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Mr Alan "Kanga" Moore

WW2 veteran, Mr Alan ‘Kanga’ Moore sits looking over the Bomana War Cemetery during a pilgrimage to PNG on ANZAC Day 2012

Alan, aged 91, accompanied by his two daughters, was invited by the Chief of Army to join him at the Dawn Service at Bomana War Cemetary and then a wreath laying service at the Isurava Memorial on the Kokoda Track.

As the cloud lifted and the sun rose on the morning of ANZAC Day in 2012, Alan “Kanga” Moore paused to reflect on his mates and comrades who had fallen in the World War II campaigns in Papua New Guinea.

Arriving in Port Moresby the previous day, Alan had been able to visit the Bomana War Cemetery to pay his respects to Australian soldiers buried there.

Alan said he could have laid thirty poppies on headstones but returning to the Bomana War Cemetery was always incredibly sad contemplating of the great loss of life of young men who died during the conflict.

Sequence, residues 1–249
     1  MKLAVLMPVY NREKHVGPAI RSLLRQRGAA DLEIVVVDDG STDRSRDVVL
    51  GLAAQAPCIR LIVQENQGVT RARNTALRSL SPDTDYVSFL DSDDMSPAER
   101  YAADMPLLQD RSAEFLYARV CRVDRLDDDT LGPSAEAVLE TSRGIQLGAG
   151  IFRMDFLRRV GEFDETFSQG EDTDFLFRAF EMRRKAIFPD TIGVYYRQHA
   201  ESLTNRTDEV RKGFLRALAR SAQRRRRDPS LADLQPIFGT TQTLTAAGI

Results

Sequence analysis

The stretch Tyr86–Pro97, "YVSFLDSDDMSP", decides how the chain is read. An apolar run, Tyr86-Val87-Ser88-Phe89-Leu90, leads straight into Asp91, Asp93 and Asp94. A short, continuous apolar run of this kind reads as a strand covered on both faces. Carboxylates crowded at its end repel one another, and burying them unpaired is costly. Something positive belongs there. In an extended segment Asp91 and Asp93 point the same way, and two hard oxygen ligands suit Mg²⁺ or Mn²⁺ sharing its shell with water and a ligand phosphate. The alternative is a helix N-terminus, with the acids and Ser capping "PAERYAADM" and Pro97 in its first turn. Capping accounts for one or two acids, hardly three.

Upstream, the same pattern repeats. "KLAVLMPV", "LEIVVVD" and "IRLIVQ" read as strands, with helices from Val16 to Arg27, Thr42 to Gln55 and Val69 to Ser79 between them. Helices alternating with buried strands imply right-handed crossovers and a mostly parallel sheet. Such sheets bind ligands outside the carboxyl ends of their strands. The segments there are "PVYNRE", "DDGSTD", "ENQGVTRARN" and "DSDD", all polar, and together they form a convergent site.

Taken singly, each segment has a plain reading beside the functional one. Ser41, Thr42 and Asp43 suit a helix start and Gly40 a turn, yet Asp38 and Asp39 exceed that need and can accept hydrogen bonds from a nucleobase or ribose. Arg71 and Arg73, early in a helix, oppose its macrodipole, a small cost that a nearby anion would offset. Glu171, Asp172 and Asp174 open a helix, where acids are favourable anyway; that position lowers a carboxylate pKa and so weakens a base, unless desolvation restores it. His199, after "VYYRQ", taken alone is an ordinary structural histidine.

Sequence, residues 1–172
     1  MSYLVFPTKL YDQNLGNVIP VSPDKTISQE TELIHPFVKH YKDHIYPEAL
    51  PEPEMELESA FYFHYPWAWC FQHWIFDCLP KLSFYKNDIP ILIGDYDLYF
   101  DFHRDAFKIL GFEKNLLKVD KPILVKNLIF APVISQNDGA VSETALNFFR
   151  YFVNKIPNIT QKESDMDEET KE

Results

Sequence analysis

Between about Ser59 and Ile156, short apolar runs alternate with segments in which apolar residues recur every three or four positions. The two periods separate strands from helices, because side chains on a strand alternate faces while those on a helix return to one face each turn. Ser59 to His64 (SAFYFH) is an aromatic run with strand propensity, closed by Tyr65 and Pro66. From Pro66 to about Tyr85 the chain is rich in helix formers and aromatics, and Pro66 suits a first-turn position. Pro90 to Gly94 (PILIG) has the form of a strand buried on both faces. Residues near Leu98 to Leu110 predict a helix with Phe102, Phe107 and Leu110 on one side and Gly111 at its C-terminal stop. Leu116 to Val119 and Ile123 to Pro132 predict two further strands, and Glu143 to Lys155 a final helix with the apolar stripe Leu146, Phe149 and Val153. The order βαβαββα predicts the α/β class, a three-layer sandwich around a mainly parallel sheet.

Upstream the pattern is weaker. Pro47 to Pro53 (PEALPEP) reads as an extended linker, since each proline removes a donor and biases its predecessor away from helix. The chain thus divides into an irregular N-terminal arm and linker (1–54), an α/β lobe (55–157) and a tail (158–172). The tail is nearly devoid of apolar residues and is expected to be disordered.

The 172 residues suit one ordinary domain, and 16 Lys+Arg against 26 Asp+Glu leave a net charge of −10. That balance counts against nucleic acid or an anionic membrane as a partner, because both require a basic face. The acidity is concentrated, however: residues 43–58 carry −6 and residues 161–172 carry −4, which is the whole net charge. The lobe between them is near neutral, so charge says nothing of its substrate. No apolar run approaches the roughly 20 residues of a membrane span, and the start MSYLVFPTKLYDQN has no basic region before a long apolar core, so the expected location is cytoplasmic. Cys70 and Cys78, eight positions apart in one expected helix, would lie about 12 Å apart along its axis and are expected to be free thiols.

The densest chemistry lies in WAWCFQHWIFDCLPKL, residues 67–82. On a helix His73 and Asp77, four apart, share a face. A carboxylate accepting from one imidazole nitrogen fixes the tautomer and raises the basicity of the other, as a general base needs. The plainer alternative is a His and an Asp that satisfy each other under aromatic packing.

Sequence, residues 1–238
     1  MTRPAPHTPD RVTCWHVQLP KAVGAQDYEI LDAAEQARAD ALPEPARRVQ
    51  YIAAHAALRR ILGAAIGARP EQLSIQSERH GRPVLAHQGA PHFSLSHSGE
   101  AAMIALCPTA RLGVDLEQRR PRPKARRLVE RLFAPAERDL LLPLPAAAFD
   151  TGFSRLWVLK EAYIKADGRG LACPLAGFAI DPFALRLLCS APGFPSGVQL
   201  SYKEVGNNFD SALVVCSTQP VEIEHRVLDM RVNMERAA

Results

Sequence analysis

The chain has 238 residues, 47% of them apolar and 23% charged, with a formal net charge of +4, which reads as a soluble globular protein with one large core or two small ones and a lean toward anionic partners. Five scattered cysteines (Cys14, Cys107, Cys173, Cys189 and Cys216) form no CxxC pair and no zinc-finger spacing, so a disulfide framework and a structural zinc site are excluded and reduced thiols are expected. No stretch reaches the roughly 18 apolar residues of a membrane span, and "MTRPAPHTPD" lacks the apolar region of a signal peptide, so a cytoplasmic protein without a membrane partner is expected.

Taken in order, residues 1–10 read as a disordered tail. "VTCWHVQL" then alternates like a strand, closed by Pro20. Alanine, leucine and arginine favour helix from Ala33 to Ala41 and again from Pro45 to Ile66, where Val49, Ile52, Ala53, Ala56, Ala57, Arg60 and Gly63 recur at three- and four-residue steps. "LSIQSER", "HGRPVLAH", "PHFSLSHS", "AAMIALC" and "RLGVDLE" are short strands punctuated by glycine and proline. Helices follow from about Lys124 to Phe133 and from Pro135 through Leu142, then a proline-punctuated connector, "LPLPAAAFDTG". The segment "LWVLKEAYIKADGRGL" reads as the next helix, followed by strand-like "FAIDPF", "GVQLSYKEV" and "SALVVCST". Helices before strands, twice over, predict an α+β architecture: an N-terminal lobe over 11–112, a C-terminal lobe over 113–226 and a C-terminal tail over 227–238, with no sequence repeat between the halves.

“I asked my daughters to lay a poppy for one of my closest friends in the 39th Battalion, Lieutenant Bob Saunders, who I had just finished talking to when he was shot dead by a sniper on the beach at Gona,’” said Alan.

The moving Dawn Service was an emotional experience for Alan, particularly when the bugle call was played from Monument to the Missing on the hill above the cemetery.

From the Dawn Service the veterans then boarded a helicopter to Isurava located high up in the Owen Stanley ranges. On arrival, the veterans received a rousing reception from the many trekkers who had camped overnight to join the service on Anzac Day. 

The crowd of Australians and locals then formed a guard of honour as the veterans made their way down to the memorial.

“I have never shaken so many hands at Isurava. It was heart warming to see that these young Australians knew so much about the battles we fought,” said Alan.

Alan describes the Kokoda battles as Australia’s Gallipoli, as like Gallipoli, many young Australians went into action for the very first time in Papua New Guinea.

“I have been to Papua New Guinea a few times since the war but this was the first opportunity to bring my daughters and it was an unforgettable experience,” said Alan.

Alan joined the 39th Battalion in the hope of seeing action. On arrival in Port Morseby, the 39th Battalion spent weeks guarding the airfields before joining battles along the Kokoda track including campaigns on the northern beaches at Buna, Gona and Sanananda.